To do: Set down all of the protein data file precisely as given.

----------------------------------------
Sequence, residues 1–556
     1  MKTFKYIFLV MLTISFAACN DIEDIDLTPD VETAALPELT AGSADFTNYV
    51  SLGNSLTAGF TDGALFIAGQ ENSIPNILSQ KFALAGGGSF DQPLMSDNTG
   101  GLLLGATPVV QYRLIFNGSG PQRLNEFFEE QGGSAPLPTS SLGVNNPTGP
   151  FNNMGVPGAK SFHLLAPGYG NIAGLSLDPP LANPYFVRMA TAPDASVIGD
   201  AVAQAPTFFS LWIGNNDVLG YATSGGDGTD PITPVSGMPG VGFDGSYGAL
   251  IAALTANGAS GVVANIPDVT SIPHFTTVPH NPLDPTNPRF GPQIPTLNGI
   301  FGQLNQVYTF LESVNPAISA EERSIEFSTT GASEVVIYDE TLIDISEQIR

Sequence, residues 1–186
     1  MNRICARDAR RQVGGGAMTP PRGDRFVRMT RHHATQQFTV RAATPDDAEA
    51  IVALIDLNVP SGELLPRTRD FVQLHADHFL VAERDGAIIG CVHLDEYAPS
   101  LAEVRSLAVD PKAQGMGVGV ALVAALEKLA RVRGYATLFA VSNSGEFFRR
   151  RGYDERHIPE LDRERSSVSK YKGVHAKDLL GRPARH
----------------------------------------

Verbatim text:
Sequence, residues 1–556
     1  MKTFKYIFLV MLTISFAACN DIEDIDLTPD VETAALPELT AGSADFTNYV
    51  SLGNSLTAGF TDGALFIAGQ ENSIPNILSQ KFALAGGGSF DQPLMSDNTG
   101  GLLLGATPVV QYRLIFNGSG PQRLNEFFEE QGGSAPLPTS SLGVNNPTGP
   151  FNNMGVPGAK SFHLLAPGYG NIAGLSLDPP LANPYFVRMA TAPDASVIGD
   201  AVAQAPTFFS LWIGNNDVLG YATSGGDGTD PITPVSGMPG VGFDGSYGAL
   251  IAALTANGAS GVVANIPDVT SIPHFTTVPH NPLDPTNPRF GPQIPTLNGI
   301  FGQLNQVYTF LESVNPAISA EERSIEFSTT GASEVVIYDE TLIDISEQIR

Sequence, residues 1–186
     1  MNRICARDAR RQVGGGAMTP PRGDRFVRMT RHHATQQFTV RAATPDDAEA
    51  IVALIDLNVP SGELLPRTRD FVQLHADHFL VAERDGAIIG CVHLDEYAPS
   101  LAEVRSLAVD PKAQGMGVGV ALVAALEKLA RVRGYATLFA VSNSGEFFRR
   151  RGYDERHIPE LDRERSSVSK YKGVHAKDLL GRPARH